My Only Three Writing Tips

I’ve been writing for a long time, and so far I’ve collected exactly three concrete tips that have actually helped me out with writing. They are

  1. If you’re not having fun writing a scene, skip it. Readers probably won’t have fun reading it either.
  2. Never delete anything, just dump it in a doc and never look at it.
  3. The first draft of anything is always shit. Instead of trying to fix it, just write a note to yourself and move on.

In the following sections I’ll go into more depth for each tip, and then also talk about why there aren’t more.

Skip scenes if you’re not having fun

This is the anti-writers block tip, and probably the one tip that got me from starting novels to actually finishing them. Mostly because you get to spend more time in the having fun phase.

But also because whether you’re having fun is also a pretty good heuristic for judging whether things are worth writing about. Reasons you might not be having fun:

Whereas things feel fun to write if you have something unique to add--some dialogue, something different happens, you have a new way to tell the story.

Basically this tip encourages you to use yourself as a proxy for what your readers will feel and think. Writer's block happens for a reason, and it's not usually that 'you suck'. Readers are more perceptive and less invested in the story than you are as the writer. If you can’t get into it, likely neither will they, and it's worth listening to that.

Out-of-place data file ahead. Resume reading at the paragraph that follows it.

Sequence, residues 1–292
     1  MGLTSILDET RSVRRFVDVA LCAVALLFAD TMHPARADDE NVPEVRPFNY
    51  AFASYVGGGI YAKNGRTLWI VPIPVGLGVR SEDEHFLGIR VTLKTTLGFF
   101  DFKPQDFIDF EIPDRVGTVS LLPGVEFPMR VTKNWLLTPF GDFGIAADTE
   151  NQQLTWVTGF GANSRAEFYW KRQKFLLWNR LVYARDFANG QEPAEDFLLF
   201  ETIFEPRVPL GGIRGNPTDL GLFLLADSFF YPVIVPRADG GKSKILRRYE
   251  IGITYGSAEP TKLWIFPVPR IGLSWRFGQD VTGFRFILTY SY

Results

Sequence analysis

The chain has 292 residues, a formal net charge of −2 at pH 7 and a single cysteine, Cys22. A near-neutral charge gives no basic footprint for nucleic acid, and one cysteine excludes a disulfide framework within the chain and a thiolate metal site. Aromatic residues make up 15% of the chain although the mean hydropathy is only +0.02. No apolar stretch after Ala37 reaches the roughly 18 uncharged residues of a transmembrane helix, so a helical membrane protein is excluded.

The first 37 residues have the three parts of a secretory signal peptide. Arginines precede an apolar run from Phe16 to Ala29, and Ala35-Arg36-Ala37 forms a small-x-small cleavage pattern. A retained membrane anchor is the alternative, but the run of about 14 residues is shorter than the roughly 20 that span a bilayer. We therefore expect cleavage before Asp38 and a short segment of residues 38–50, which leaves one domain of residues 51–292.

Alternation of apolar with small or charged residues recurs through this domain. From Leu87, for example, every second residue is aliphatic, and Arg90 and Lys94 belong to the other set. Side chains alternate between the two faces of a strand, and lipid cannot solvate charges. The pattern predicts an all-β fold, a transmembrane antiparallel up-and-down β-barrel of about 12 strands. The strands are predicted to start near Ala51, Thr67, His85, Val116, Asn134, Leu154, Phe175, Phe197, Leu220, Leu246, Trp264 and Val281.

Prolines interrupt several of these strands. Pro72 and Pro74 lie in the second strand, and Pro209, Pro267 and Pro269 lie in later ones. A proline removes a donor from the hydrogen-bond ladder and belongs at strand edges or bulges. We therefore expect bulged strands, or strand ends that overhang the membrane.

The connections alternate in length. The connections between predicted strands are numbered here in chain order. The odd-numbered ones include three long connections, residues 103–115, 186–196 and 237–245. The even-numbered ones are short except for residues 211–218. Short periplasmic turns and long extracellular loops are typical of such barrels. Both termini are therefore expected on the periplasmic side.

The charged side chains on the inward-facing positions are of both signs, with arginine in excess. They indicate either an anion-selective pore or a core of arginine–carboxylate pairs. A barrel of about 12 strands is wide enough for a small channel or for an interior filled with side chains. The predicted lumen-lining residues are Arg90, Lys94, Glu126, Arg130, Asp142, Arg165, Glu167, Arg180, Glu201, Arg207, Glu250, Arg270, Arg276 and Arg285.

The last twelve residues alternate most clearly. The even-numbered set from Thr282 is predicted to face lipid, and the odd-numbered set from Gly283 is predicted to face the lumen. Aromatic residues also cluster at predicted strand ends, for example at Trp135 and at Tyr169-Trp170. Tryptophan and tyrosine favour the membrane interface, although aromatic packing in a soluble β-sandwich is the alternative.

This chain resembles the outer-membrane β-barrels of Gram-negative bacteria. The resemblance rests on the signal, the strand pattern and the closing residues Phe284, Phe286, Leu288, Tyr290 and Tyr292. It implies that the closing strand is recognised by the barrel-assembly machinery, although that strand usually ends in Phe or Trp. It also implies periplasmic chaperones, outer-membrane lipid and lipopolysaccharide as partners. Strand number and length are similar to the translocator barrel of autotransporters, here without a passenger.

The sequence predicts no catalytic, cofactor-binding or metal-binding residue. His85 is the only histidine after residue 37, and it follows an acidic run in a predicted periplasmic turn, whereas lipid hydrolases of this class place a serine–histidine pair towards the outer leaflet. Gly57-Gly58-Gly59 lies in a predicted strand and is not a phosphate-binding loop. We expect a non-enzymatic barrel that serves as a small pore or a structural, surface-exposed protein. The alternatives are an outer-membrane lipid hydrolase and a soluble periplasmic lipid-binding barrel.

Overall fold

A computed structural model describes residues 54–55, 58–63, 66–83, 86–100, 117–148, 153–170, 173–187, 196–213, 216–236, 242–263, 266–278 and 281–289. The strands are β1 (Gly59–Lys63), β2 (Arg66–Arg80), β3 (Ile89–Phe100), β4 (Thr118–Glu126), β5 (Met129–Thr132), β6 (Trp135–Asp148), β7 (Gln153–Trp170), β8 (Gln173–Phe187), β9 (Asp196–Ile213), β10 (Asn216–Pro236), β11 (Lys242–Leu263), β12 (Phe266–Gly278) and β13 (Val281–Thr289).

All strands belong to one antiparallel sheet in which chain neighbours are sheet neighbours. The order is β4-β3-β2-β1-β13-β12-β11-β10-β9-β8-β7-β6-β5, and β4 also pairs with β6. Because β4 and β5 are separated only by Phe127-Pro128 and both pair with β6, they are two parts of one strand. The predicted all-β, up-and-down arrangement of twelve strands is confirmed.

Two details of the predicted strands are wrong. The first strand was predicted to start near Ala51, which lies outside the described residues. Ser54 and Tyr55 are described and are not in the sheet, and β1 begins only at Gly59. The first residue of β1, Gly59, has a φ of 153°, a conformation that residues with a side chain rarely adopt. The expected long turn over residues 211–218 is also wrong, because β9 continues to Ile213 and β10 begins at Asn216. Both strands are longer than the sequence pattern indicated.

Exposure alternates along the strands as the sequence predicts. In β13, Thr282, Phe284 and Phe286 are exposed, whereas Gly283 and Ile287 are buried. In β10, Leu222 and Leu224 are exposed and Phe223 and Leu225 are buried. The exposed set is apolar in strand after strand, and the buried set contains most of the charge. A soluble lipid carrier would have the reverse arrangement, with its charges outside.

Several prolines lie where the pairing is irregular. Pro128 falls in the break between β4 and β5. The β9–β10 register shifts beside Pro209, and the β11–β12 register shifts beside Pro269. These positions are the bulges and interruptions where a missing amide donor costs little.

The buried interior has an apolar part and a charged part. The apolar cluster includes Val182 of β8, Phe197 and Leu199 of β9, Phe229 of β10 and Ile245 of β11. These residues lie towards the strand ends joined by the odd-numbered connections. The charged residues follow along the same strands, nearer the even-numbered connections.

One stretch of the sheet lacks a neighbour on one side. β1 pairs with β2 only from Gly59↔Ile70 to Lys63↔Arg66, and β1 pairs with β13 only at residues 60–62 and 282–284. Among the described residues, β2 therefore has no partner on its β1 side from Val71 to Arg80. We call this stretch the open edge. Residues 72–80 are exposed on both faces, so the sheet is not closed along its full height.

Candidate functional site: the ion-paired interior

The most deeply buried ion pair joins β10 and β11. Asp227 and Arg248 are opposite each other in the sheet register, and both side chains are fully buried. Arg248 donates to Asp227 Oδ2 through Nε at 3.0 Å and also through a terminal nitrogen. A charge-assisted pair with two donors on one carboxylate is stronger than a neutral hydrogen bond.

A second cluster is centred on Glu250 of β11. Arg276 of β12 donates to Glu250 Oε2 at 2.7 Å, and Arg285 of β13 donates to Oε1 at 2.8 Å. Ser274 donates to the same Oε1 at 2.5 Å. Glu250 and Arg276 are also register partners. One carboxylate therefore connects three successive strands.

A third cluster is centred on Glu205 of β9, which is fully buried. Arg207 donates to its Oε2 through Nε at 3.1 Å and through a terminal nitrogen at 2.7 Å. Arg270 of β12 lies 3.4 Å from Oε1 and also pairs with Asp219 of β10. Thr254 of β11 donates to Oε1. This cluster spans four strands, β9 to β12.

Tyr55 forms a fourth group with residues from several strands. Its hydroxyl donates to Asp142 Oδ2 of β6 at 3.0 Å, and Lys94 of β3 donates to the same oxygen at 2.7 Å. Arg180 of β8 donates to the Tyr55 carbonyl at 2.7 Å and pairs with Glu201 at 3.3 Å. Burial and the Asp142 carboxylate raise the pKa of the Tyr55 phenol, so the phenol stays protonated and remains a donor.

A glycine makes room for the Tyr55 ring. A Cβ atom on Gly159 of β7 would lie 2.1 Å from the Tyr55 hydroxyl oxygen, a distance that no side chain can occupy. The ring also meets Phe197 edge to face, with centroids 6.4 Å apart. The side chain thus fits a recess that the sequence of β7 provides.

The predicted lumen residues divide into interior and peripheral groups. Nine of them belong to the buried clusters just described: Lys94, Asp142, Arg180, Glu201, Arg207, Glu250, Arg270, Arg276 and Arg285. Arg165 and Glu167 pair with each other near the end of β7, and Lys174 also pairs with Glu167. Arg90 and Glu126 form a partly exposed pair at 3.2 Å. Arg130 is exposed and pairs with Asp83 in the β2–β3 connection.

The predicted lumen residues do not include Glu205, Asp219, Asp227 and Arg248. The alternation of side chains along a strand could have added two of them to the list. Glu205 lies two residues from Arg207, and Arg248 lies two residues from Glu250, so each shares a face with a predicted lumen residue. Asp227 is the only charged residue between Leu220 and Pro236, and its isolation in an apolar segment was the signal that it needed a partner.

But what if the scene ‘needs’ to happen? It might be that you can get away with omitting more than you think---readers will fill in the gap, and see the omission as a mystery instead of a hole. Despite the usually useful advice of ‘show don’t tell’, tactical uses of ‘tell’ to fill in the gaps can keep things moving.

An example from personal experience: at the end of one chapter, a character was fleeing from their pursuers, and at the start of the next they were captured.

Originally I had a fairly long (probably a thousand or two words) and spatially confusing (don’t ask) about how they got caught. But it had been tricky to write--by the time I sent it to my first readers I had already rewritten it completely at least once. When my readers gave me the feedback that it was dulling the emotional impact of the scene before, I said screw it and chopped the whole sequence off.